"They just don't sue every single home-brewed...Web site," said Goldman. "There are plenty of people who have launched endeavors that the RIAA hasn't sued, because they're so small. Or because they're able to take care of their issues through pre-litigation communications."
The size factor might be a savior for Muxtape. But thanks to Twitter and Tumblr and other services--as well as articles like this one, as I'm well aware--Muxtape has become quite popular among the digerati, and that can't bode well for its staying under the radar and out of the RIAA's crosshairs.
Goldman pointed me to the U.S. Copyright Office's online directory of service providers that have proactively filed for "notification of claims of infringement."
While not a full legal defense, Goldman explained, services that file with the Copyright Office and are listed on that site have taken the first step toward being in technical communication with rights holders like the RIAA, something such holders appreciate because it shows that the service providers are not trying to hide the fact that they may be hosting potentially infringing content.
However, neither Muxtape nor Mixwit had registered on the site as of Tuesday. Many thousands of other companies and services have.
Of course, especially with Muxtape, it may never have been intended to be so popular. And because it has spread virally, it may be much bigger and more visible than it was intended to be. But that won't protect it.
"There's no doubt that if it reaches a critical mass, the RIAA will intervene," said Goldman. "If you become too big that people can't ignore you, then there's the likelihood of enforcement action."
For Muxtape, at least, Goldman said, the service's best hope for staying around awhile is that it can fall under the DMCA's safe harbor provisions. But he said he doubts that its creators haven't taken the required steps to qualify for that protection.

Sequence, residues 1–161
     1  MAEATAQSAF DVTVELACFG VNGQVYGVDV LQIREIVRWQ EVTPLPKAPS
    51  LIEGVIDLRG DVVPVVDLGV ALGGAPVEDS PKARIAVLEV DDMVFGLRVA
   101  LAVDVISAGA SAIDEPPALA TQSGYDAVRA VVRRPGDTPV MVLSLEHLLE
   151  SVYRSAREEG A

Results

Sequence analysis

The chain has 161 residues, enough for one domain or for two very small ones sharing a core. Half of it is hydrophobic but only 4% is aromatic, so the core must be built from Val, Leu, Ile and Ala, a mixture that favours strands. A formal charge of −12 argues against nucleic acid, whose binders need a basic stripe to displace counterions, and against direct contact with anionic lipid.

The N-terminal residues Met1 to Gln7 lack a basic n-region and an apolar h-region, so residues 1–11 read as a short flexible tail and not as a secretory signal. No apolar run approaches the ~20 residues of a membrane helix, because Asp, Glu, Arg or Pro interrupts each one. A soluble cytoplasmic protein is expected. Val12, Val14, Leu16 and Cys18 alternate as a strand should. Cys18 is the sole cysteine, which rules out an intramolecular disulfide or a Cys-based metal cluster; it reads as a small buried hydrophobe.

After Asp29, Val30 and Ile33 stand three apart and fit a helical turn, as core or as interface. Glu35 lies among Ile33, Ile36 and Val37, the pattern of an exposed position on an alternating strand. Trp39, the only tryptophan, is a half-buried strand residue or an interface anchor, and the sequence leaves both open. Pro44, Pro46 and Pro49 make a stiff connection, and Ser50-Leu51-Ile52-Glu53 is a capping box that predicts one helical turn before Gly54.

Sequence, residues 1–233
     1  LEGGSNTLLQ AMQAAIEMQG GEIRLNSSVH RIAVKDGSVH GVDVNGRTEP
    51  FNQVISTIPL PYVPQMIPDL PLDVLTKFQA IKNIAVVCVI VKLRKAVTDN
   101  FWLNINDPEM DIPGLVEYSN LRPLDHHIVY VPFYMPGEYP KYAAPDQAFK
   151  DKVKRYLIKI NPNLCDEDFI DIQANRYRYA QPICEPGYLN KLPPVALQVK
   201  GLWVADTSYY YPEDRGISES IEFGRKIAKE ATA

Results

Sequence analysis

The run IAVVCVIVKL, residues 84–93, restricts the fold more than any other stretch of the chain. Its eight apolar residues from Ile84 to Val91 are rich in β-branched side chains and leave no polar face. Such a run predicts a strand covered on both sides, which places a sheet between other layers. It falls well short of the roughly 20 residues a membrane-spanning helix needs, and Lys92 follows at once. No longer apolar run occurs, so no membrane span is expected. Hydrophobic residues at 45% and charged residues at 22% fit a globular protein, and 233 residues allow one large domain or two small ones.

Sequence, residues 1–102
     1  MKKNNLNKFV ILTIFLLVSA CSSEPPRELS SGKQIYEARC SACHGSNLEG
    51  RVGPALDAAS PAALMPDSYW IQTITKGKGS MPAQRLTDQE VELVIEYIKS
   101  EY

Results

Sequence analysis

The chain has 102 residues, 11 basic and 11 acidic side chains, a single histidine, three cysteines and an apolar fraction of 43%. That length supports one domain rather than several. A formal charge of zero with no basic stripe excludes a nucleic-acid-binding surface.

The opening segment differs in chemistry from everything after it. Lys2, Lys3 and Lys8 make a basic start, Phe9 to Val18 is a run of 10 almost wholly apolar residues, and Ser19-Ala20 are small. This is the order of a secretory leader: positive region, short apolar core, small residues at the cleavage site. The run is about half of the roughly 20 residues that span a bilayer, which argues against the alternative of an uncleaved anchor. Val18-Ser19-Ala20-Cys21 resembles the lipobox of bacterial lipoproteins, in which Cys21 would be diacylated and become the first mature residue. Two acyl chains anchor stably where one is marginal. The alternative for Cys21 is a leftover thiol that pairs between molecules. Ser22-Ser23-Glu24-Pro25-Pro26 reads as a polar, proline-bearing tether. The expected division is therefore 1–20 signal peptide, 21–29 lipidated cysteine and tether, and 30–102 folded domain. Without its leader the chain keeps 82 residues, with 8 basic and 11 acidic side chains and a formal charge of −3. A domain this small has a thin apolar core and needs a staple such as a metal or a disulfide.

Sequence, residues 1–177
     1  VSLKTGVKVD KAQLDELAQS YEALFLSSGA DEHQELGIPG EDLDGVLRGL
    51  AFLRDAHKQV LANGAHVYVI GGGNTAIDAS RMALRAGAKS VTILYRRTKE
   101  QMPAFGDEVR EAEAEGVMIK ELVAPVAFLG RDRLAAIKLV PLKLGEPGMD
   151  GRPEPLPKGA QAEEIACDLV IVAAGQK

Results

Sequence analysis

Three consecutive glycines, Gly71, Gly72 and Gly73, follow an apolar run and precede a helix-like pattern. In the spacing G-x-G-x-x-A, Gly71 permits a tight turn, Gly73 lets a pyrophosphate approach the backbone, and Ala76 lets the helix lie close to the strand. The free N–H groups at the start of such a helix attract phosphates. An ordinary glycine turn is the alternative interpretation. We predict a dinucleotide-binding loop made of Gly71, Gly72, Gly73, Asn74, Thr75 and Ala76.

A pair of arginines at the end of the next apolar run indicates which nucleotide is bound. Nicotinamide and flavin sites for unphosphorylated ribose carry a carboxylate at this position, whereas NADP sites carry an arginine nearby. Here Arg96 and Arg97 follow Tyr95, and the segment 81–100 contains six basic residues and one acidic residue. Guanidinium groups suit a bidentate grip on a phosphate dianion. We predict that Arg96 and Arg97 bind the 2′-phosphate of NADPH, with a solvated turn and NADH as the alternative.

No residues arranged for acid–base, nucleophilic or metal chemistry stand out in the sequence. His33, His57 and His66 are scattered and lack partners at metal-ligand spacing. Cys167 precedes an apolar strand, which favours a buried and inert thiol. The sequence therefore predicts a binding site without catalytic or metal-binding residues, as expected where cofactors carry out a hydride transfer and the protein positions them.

That is most evident, he suggested, because Muxtape hadn't registered on the Copyright Office's site.
For Mixwit, on the other hand, the best defense is that it isn't hosting users' uploaded music and that it has, as Goldman put it, "a more fulsome user agreement."
Which is to say that Mixwit's terms of service are much more standard and have obviously been reviewed by a lawyer, while Muxtape's--which Goldman guessed hasn't been looked at by an attorney--is nothing more than this: "Muxtape is a service for creating mixtapes. Users may not upload multiple songs from the same album or artist, or songs they do not have permission to let Muxtape use. Individual users may not create multiple muxtapes. Accounts not meeting these restrictions are subject to termination without notice. Muxtape will never reveal your e-mail address to a third party. Muxtape is alive."
What seems funny about the two sites is that each presents some obvious problems and has some obvious protections.
For Muxtape, the problem is that it is hosting users' music. Its protection is that it is a rudimentary site with no obvious plans for trying to make money.
For Mixwit, the possible protection is that it is offering no more than an aggregation of links to content hosted elsewhere. Its problem could be that it is a much more polished site that seems geared toward building a business.
"Posting the songs themselves online is problematic," said Mark Lemley, a professor at Stanford Law School, "but putting up a list of your favorite mixes is surely not. A mix plus a link is an intermediate case, but shouldn't itself be illegal."
So what now?
There's no way to tell just yet. Much will depend on how or when the RIAA comes across the two sites, or others like them--and on how that organization interprets what it sees, when and if it does. For now, users will be able to enjoy creating the mix tapes and sharing them with friends. But don't be surprised if one day you try to use them and one or the other is gone.